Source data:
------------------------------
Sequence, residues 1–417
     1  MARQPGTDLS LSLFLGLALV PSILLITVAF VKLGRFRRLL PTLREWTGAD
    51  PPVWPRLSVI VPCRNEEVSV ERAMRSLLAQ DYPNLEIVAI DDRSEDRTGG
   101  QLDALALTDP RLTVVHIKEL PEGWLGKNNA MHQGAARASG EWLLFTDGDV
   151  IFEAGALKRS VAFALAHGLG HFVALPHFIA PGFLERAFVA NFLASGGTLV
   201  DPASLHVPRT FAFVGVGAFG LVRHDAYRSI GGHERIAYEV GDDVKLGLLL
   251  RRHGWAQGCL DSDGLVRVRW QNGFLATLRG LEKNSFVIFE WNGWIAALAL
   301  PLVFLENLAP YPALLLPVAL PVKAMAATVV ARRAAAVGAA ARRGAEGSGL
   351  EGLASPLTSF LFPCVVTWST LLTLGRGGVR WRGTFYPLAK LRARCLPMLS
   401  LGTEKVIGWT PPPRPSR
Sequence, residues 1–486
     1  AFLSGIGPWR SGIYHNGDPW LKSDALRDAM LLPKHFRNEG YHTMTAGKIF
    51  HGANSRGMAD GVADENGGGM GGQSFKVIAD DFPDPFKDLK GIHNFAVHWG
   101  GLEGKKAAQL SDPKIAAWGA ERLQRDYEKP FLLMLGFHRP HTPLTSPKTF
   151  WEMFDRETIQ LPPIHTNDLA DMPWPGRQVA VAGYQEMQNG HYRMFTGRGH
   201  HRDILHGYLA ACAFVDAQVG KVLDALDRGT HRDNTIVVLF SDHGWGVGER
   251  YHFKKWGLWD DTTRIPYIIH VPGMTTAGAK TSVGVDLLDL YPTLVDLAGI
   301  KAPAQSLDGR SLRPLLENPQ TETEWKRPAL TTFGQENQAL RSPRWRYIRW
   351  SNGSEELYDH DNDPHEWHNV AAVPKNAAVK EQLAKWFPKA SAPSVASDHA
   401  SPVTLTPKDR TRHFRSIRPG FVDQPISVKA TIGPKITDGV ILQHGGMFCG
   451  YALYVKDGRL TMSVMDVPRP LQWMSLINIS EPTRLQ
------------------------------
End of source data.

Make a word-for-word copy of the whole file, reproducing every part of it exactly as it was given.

Sequence, residues 1–417
     1  MARQPGTDLS LSLFLGLALV PSILLITVAF VKLGRFRRLL PTLREWTGAD
    51  PPVWPRLSVI VPCRNEEVSV ERAMRSLLAQ DYPNLEIVAI DDRSEDRTGG
   101  QLDALALTDP RLTVVHIKEL PEGWLGKNNA MHQGAARASG EWLLFTDGDV
   151  IFEAGALKRS VAFALAHGLG HFVALPHFIA PGFLERAFVA NFLASGGTLV
   201  DPASLHVPRT FAFVGVGAFG LVRHDAYRSI GGHERIAYEV GDDVKLGLLL
   251  RRHGWAQGCL DSDGLVRVRW QNGFLATLRG LEKNSFVIFE WNGWIAALAL
   301  PLVFLENLAP YPALLLPVAL PVKAMAATVV ARRAAAVGAA ARRGAEGSGL
   351  EGLASPLTSF LFPCVVTWST LLTLGRGGVR WRGTFYPLAK LRARCLPMLS
   401  LGTEKVIGWT PPPRPSR
Sequence, residues 1–486
     1  AFLSGIGPWR SGIYHNGDPW LKSDALRDAM LLPKHFRNEG YHTMTAGKIF
    51  HGANSRGMAD GVADENGGGM GGQSFKVIAD DFPDPFKDLK GIHNFAVHWG
   101  GLEGKKAAQL SDPKIAAWGA ERLQRDYEKP FLLMLGFHRP HTPLTSPKTF
   151  WEMFDRETIQ LPPIHTNDLA DMPWPGRQVA VAGYQEMQNG HYRMFTGRGH
   201  HRDILHGYLA ACAFVDAQVG KVLDALDRGT HRDNTIVVLF SDHGWGVGER
   251  YHFKKWGLWD DTTRIPYIIH VPGMTTAGAK TSVGVDLLDL YPTLVDLAGI
   301  KAPAQSLDGR SLRPLLENPQ TETEWKRPAL TTFGQENQAL RSPRWRYIRW
   351  SNGSEELYDH DNDPHEWHNV AAVPKNAAVK EQLAKWFPKA SAPSVASDHA
   401  SPVTLTPKDR TRHFRSIRPG FVDQPISVKA TIGPKITDGV ILQHGGMFCG
   451  YALYVKDGRL TMSVMDVPRP LQWMSLINIS EPTRLQ